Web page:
Americans support more charter schools in developing countries

23 July 2018

New research strongly suggests that most people in the US agree that the private sector should help governments provide more schools in parts of the world where there are not enough.

75% of US respondents to a national poll endorsed education public private partnerships to help countries struggling with sufficient access to education. When people were asked if companies and other school operators should be running more schools to help governments in low and middle income countries the most popular answer was ‘yes’.

Findings from the survey reveal that:

  • Three-quarters of the American public believe there should be more education public-private partnerships in developing countries. Only 6% disagreed.
  • 62% of those surveyed thought charities, NGOs, companies and faith organisations should support governments by running extra schools in order to meet proper standards. Only 10% disagreed.

Commenting on the new findings, a Bridge International Academies spokesperson said:

“The American people are right, there is an urgent need for more school providers to help address the chronic lack of learning in parts of the world where governments have insufficient or ineffective education systems. Some people have been trying to say that the private sector should not get involved. But the truth is plain to see – people want all types of school operators to help so we can all deliver as many quality schools as quickly as possible. Keeping hundreds of millions of children out of school is not acceptable.”

American respondents also expressed support for quality low fee private schools. When asked, ‘In countries where there is a reported lack of quality primary schools, a social enterprise company could run a school that costs parents about $7 US dollars per month to send one child there’ the most popular response was ‘I think this is a good idea’.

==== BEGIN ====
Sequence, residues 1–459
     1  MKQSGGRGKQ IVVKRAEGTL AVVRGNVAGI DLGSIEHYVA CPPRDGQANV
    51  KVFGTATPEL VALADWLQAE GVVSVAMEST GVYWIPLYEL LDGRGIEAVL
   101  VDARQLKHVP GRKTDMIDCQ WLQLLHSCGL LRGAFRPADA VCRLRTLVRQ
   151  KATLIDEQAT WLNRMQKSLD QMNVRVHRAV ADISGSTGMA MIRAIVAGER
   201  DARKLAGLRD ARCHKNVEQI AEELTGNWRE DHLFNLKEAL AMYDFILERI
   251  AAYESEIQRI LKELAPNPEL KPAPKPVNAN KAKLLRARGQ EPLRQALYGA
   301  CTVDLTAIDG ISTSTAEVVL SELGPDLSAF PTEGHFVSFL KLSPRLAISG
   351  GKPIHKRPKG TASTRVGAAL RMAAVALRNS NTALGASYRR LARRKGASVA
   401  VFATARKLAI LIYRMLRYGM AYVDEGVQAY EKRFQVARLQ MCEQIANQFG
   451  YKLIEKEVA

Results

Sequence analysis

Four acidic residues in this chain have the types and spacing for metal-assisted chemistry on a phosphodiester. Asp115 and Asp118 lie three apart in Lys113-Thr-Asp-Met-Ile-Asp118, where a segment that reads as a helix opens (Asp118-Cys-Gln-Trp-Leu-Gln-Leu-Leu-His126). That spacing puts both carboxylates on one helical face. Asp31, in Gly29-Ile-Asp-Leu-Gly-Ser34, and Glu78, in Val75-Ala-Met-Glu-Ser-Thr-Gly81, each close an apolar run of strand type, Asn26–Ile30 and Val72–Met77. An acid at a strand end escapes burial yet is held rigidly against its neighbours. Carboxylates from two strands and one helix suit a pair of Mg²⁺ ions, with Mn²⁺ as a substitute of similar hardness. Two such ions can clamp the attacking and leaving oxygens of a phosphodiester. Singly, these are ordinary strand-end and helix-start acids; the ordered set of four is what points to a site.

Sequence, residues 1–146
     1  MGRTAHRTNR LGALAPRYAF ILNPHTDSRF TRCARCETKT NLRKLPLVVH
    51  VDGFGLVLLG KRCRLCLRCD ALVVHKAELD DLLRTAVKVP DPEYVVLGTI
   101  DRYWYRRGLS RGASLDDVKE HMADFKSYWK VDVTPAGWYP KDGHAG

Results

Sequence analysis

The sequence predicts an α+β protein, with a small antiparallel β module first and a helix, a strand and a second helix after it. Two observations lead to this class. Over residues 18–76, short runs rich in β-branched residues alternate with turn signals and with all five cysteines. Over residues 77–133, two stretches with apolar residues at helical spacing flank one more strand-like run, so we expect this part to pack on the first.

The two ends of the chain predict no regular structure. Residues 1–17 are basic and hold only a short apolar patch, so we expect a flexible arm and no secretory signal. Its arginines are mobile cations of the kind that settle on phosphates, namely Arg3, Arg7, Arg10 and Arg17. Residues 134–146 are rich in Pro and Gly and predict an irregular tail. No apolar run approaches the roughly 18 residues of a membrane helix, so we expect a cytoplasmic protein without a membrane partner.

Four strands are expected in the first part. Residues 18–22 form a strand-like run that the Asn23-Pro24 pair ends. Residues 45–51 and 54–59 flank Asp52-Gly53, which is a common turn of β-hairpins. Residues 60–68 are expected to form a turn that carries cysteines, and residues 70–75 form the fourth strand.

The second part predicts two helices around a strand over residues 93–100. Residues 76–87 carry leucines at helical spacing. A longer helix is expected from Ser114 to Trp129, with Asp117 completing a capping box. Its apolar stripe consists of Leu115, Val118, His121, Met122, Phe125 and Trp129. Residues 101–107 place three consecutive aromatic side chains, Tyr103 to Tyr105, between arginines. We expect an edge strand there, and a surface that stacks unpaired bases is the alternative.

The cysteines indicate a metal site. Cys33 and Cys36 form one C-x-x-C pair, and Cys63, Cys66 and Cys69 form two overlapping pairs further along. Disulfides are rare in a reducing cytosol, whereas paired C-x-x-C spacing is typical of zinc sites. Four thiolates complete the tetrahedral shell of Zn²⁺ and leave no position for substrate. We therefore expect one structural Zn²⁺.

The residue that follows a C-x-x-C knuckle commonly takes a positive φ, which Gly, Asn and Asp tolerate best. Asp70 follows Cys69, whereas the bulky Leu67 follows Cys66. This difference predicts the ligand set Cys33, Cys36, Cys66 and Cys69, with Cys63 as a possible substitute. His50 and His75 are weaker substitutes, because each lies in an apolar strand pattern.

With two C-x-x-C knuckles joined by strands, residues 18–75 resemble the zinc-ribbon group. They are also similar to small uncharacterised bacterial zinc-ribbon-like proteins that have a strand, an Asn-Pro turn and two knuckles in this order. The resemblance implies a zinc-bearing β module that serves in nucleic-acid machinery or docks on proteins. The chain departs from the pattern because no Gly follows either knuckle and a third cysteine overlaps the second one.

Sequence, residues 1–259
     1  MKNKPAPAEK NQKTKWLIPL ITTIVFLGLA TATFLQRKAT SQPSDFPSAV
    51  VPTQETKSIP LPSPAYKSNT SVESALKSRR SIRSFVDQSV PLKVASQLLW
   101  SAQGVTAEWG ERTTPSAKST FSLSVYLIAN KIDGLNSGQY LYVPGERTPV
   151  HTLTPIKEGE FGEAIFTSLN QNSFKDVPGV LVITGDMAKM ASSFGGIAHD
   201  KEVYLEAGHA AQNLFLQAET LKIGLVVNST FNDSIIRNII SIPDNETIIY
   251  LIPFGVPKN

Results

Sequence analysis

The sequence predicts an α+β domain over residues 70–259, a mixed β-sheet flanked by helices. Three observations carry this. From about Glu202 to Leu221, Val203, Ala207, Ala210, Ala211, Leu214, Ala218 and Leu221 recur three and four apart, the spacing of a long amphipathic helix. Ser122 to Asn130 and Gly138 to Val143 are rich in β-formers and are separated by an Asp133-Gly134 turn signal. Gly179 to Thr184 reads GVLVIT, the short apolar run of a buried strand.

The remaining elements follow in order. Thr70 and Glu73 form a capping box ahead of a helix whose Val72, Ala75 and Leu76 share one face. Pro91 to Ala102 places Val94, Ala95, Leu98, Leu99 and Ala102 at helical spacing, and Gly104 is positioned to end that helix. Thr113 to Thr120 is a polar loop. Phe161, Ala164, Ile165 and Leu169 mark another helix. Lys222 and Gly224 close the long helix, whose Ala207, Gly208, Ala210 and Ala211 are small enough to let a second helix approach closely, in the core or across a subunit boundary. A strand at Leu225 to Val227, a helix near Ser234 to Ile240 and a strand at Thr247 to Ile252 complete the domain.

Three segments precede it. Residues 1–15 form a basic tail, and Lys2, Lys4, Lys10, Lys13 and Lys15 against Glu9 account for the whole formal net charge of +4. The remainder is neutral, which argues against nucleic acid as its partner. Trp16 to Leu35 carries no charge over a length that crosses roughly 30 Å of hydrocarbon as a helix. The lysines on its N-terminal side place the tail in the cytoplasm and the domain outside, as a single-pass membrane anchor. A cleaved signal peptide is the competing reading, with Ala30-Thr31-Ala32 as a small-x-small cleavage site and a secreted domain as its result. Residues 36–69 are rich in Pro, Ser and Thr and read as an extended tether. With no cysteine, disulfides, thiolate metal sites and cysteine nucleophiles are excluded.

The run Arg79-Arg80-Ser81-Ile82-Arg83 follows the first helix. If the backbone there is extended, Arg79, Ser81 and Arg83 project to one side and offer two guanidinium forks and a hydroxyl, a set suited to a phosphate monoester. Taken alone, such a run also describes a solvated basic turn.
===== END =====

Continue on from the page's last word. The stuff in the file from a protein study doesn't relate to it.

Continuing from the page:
The new poll also uncovers how the US public greatly underestimate the scale of the global learning crisis. About 90% of people thought there were fewer than the real number of out of school children worldwide, or chose ‘I don’t know’ when asked to estimate. The true scale of the challenge is 263 million children and young people currently out of school.

The Bridge spokesperson continued:

“Charter school arrangements bring the best of both worlds, private and public, and delivers them straight to the child. In Liberia we have seen children learning 100% more compared to peers outside the education PPP. This is staggering and I hope education policy makers in other countries across sub-Saharan Africa are watching.”

The US poll shows that people understand the desperate need for more quality in schools in parts of the world like sub-Saharan Africa. When asked to estimate how many children were in school but not learning, around 90% of respondents said too few or ‘I don’t know’.

12% of those surveyed correctly identified that worldwide we need 69 million more teachers.

Overall, the American public appear to back education partnerships, which enable free private schools, and affordable private schools in places where governments struggle to provide sufficient education.


For more information please contact:

Ben Rudd
Bridge International Academies Press Office
Tel: +44 ​203 813 8236

Notes to Editors

A survey was conducted by OnePoll among 2000 US people. The survey was conducted in March 2018.

Download the full report here.

To request the full USA polling results please contact the Bridge Press Office.

About Bridge

Bridge believes every child has the right to high quality education and works in partnership with governments, communities, parents and teachers to ensure access to quality education. Bridge has served 300,000 children to date across Africa and Asia.

Bridge uses in-depth teacher training and support, advanced lesson plans and wireless technology to provide pupils with a meaningful and life-changing education. Globally, there is an education crisis. Around 600 million children are either not in school at all, or in school and not learning. Bridge is committed to helping tackle this through a data driven, evidence based approach that delivers strong schools and a great education for all.

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